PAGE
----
Off-payroll working

Three different Tax Treatments

If you work as a contractor, there are three different possible tax treatments which could apply to your engagements depending on your circumstances. For contracts not subject to the off-payroll working (IR35) rules, whether working in the private or public sector, you will be in a position to withdraw profits on a very advantageous tax basis.

However, if working in the private sector and a contract is caught under the off-payroll working rules, much of this tax advantage is lost. Any work in the public sector covered by these rules means that the public sector body or agency will effectively treat you as an employee, despite the use of your intermediary company.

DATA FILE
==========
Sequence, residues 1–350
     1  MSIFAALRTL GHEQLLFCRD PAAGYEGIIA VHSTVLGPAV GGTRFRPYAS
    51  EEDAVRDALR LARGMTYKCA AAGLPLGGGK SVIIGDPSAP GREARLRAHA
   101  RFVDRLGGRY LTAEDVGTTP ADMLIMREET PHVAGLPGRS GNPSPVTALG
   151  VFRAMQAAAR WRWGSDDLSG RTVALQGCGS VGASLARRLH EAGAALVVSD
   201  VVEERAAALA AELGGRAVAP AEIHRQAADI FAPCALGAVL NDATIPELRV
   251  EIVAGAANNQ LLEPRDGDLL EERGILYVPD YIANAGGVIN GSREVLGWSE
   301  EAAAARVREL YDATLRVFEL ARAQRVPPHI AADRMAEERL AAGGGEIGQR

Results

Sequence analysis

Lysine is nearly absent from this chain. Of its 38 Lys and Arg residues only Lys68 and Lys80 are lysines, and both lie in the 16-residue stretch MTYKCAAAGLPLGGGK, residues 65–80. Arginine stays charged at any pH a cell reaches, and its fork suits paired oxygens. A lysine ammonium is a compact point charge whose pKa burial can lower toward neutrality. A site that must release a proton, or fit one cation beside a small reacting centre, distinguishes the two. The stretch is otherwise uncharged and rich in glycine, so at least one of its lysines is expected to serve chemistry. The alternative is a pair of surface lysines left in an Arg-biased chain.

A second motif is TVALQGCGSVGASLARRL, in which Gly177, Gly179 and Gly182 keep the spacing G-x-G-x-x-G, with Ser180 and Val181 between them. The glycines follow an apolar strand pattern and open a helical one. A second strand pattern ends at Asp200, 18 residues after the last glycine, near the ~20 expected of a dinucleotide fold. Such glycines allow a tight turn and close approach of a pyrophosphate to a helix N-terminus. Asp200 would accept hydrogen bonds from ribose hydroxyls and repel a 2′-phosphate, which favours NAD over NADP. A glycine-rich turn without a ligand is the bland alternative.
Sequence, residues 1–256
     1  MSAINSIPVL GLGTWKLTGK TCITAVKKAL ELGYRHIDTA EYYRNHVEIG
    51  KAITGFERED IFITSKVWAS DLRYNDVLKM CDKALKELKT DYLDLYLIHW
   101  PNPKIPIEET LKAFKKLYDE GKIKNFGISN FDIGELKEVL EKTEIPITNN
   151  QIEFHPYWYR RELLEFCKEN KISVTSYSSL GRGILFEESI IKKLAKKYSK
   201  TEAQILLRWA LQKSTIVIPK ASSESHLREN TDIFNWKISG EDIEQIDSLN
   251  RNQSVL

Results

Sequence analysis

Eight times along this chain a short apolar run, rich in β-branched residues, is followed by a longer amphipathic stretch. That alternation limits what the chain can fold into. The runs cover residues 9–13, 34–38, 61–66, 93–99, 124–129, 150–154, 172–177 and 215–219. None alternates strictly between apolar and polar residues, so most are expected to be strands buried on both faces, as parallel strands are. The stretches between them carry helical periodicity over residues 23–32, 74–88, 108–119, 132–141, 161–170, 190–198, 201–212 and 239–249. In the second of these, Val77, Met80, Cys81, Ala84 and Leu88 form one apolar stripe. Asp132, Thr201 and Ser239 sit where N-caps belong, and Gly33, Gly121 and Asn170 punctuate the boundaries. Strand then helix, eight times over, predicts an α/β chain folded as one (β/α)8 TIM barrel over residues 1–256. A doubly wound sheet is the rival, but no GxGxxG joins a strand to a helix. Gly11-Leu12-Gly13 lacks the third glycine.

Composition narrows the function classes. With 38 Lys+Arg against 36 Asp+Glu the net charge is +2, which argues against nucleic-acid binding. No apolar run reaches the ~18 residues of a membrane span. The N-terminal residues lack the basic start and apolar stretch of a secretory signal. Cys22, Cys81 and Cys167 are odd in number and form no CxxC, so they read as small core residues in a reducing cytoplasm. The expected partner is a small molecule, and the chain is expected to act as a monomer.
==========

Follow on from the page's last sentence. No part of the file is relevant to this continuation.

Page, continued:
Exceptional Circumstances

The Covid-19 crisis has no doubt left many contractors without work, but there may be some help under the Coronavirus Job Retention Scheme. You can use the scheme provided you have been receiving salary subject to PAYE and you officially furlough yourself. From 1 July, you are allowed to work on a part-time basis, while still being able to claim under the scheme for hours not worked. Until August, the scheme will reimburse 80% of your salary, up to a cap of £2,500 per month. For September and October, the reimbursement is respectively cut to 70% and 60%, with the scheme coming to an end on 31 October.

The crisis has also seen the government postpone the extension of the public sector tax treatment to the private sector. The change was meant to have come in from 6 April 2020, but will now not happen until 6 April 2021.